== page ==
Growing up with a rock ‘n’ roll father, four musician sisters, and a name that was seemingly predestined to be in the limelight, 25-year-old Harmony Boucher (pictured) became the lead singer of her first band in elementary school, and has been a consummate frontwoman ever since. Boucher, who is the face of London-based electro-pop act Vuvuvultures, has also been recognized in the model set for her androgynous appeal. Since she started modeling about a year ago, Boucher has been typecast as the edgy tomboy, appearing in editorials for publications including Dazed & Confused, i-D, Garage, and AnOther magazine (she’s not as destined for the runway—she’s only 5’8″). “They want my certain look,” Boucher told Style.com over the phone. “They’re like, ‘Oh my God. You look like a girl who looks like a boy,’ and I’ve heard that since I was nine years old so I’m kind of numb to it now.”

Vuvuvultures (think riot grrls for the Internet generation), earned a buzz on the East London underground scene with music videos like “I’ll Cut You” and “Pills Week.” The band formed in 2009 when Boucher followed girlfriend and bassist Nicole to a rehearsal, and ended up singing on a few of the tracks they were recording that day with producer Paul Ressel (also the keyboardist in the band). The group instantly clicked and began touring as Bunny Come, but Boucher explained they eventually outgrew that name. “The music we were doing before was a bit more dance-y and high-energy, and what we’re doing now is a bit darker, so we started going by Vuvuvultures.” After releasing their debut EP VVV earlier this year, Boucher and company have been busy working on a full-length album, “gigging” in East London, and putting on a DIY warehouse party called The Island, where Vuvuvultures and other like-minded artists perform weekly. Boucher admits that she lives for her time onstage: “Performing is an escape from the real world and you just get to be mental,” she said. “When I sing is one of the only times I don’t have to think about anything but what I’m doing, being in the moment.” However, she’s discovered that modeling definitely has its benefits, too. “I’ve learned how to use my body better and am more aware of how I look onstage.”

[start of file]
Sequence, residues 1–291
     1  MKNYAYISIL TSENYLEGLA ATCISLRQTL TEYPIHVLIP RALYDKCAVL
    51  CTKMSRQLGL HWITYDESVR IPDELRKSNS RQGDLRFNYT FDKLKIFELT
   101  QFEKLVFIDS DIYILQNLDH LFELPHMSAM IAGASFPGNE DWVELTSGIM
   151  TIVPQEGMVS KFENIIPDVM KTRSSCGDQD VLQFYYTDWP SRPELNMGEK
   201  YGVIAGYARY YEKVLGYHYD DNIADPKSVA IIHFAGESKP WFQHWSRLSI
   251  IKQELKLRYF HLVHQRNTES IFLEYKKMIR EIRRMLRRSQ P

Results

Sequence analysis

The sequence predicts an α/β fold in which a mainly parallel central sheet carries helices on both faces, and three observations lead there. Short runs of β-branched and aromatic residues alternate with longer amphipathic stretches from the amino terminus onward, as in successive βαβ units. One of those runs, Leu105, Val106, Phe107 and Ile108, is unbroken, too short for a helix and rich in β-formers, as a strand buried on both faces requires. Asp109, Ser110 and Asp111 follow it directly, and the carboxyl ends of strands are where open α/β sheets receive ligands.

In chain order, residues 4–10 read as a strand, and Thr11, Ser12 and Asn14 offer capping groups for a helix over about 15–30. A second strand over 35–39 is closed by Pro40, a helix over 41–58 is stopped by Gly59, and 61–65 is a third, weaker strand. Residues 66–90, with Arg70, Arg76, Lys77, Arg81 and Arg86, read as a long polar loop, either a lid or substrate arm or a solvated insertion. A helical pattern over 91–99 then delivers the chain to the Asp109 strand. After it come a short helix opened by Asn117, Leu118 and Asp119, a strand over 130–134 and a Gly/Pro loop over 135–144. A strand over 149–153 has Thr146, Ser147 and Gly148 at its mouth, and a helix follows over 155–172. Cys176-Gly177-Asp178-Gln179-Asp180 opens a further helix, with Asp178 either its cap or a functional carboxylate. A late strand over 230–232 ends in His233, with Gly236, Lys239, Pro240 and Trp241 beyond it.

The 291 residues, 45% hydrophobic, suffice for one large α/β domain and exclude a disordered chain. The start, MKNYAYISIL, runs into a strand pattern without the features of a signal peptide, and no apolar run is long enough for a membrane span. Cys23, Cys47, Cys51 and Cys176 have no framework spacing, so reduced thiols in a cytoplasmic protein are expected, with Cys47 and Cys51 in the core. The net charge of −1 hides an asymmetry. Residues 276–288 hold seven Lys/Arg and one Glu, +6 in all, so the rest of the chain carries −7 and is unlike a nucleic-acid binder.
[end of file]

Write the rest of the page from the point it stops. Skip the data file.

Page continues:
Photo: Courtesy Photo

Model Slash: Painter Codie Young

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With her dreamy gaze, swanlike neck, and flowing tresses, Codie Young looks like something out of a Renaissance painting, but her watercolors have an altogether different, almost grotesque beauty about them. The 19-year-old Aussie model had her breakthrough runway season just over a year ago, and has been busy ever since. In addition to appearing in Jil Sander Navy’s latest Fall ads, Young also landed the new Marc Jacobs Dot fragrance campaign, which is “the biggest success in my career so far,” she told Style.com. She’s proven herself to be a formidable force in editorials, too, with recent spreads in Vogue Japan, 10 Magazine, and Dazed & Confused, among others. Young particularly liked working with photographer Daniel Jackson on the conceptual Dazed one (left). “It was inspired by fashion illustrator Rene Gruau’s drawings, and as a painter myself, I really appreciated that,” she said. “I prefer editorials that have an interesting story or are kind of creepy.”